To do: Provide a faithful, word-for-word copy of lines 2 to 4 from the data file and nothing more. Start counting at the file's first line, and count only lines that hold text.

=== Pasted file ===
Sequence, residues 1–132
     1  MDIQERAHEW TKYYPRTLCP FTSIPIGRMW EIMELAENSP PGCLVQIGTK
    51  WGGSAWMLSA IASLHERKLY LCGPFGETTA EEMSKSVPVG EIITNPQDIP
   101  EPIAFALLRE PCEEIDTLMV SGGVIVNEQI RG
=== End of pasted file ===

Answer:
     1  MDIQERAHEW TKYYPRTLCP FTSIPIGRMW EIMELAENSP PGCLVQIGTK
    51  WGGSAWMLSA IASLHERKLY LCGPFGETTA EEMSKSVPVG EIITNPQDIP
   101  EPIAFALLRE PCEEIDTLMV SGGVIVNEQI RG